Bank of America mortgage story updated with additional details throughout.
NEW YORK (TheStreet) -- Bank of America (BAC) saw a 73% rise in new mortgage-related claims in the second quarter as new claims from private investors rose to$8.6 billion from $4.9 billion in the first quarter.
Overall new mortgage claims were $8.21 billion, compared to $4.8 billion in each of the last two quarters and $3.8 billion in the second and third quarters of 2011.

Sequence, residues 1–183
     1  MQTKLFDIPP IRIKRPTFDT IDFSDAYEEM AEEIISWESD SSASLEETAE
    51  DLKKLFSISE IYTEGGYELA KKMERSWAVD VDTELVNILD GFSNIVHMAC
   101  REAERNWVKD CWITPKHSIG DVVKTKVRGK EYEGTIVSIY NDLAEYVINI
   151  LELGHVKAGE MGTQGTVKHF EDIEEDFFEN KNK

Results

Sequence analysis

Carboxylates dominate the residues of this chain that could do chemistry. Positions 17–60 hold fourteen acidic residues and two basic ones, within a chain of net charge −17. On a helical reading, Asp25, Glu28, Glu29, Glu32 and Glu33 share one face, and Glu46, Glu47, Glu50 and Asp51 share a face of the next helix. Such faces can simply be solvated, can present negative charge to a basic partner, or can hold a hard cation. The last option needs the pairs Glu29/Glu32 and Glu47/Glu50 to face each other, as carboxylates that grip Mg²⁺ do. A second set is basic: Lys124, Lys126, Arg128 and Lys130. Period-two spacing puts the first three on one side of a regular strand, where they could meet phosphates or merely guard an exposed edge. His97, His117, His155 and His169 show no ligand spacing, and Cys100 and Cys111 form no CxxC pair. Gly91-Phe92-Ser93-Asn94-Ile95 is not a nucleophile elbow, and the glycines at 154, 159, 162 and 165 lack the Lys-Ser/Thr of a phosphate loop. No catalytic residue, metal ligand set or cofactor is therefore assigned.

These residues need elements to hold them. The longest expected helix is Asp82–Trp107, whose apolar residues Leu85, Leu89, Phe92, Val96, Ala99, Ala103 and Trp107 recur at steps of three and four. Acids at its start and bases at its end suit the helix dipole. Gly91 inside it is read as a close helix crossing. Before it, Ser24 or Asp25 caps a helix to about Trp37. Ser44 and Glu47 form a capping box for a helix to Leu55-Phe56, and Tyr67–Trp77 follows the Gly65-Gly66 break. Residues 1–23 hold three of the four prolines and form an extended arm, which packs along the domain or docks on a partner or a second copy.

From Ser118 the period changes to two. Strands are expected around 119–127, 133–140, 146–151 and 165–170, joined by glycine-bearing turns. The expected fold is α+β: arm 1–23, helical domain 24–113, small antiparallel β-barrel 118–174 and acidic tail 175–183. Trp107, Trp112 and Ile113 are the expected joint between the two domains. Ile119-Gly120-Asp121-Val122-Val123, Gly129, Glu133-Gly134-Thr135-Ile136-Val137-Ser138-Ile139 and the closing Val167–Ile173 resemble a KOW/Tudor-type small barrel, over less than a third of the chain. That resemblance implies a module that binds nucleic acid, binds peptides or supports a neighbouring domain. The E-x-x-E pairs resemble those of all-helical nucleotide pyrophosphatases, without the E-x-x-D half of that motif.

Disputes over mortgage-related securities have been a severe drag on bank earnings for nearly two years, though Bank of America has been the hardest hit by far. Most of the trouble has come from its Countrywide Financial unit. Bank of America bought Countrywide in 2008.During a tense conference call Wednesday during which time Bank of America shares moved steadily lower despite a rising market, CFO Bruce Thompson appeared unsuccessful at allaying analyst concerns. Thompson said the increase was "primarily due to claims we received from trustees that we fully anticipated at time of the [Bank of New York Mellon Corp. (BK)] settlement a year ago and were largely reflected in the increase in reserves at that time." Thompson was referring to a proposed $8.5 billion settlement between Bank of America and several large institutions, including Goldman Sachs (GS),BlackRock (BLK) PIMCO and the Federal Reserve Bank of New York, among others. The settlement has been opposed by several parties including the New York State attorney general. In addition to the rise in claims from private investors and institutions, disputes from government sponsored enterprises (GSEs) Freddie Mac (FMCC)and Fannie Mae (FNMA) rose by $2.9 billion. Bank of America now has $22.7 billion in outstanding claims over mortgage-related disputes, up from $16.1 billion at the end of the first quarter. Citing the tougher tactics by the GSEs and still-unresolved private litigation, FBR Capital Markets analyst Paul Miller raised his mortgage-related loss estimates to $53 billion from $42 billion in a research note published June 22. Bank of America also reached a $375 million settlement with Syncora Holdings, a monoline bond insurer, which included an agreement by Bank of America to repurchase several mortgage securities. Bank of America CFO Thompson said the settlement, which was announced late Tuesday by Syncora, will reduce outstanding claims from monoline insurers by 20%. Analysts appeared to have a tough time drawing conclusions from the Syncora settlement about Bank of America's overall exposure to mortgage disputes. Oppenheimer analyst Chris Kotowski, for example, extrapolated from the $375 million number provided by Syncora in a press release and Thompson's 20% number that Bank of America had paid out 60 cents on the dollar on Syncora's claims. Thompson told Kotowski to "be careful" with his calculations, saying the settlement figure was "not anywhere near what you just quoted." He then attempted to explain why he took issue with Kotowski's calculation, after which point Kotowski said, "Not sure I understood that, but I'll follow up. Thank you." The exchange was just one of several between analysts and Thompson on the Bank of America call that related to mortgage repurchase concerns, suggesting that despite Bank of America's assurances, the issue is far from resolved. Bank of America shares, which were initially higher following the 7 a.m. earnings announcement, moved steadily lower during the call, which started at 8:30. The shares opened roughly flat at 9:30, and moved lower throughout the call. By the time the call concluded, shortly after 10 a.m., Bank of America shares were down roughly 1.45% The S&P 500, meanwhile, moved higher during the same time frame. Following the earnings release, Nomura Securities analyst Glenn Schorr maintained his "neutral" rating on Bank of America, arguing that Bank of America's low valuation means "shares can hang in there on these results, but the stock is likely range bound until better earnings power shows through and mortgage concerns fade." -- Written by Dan Freed in New York. Follow this writer on Twitter.
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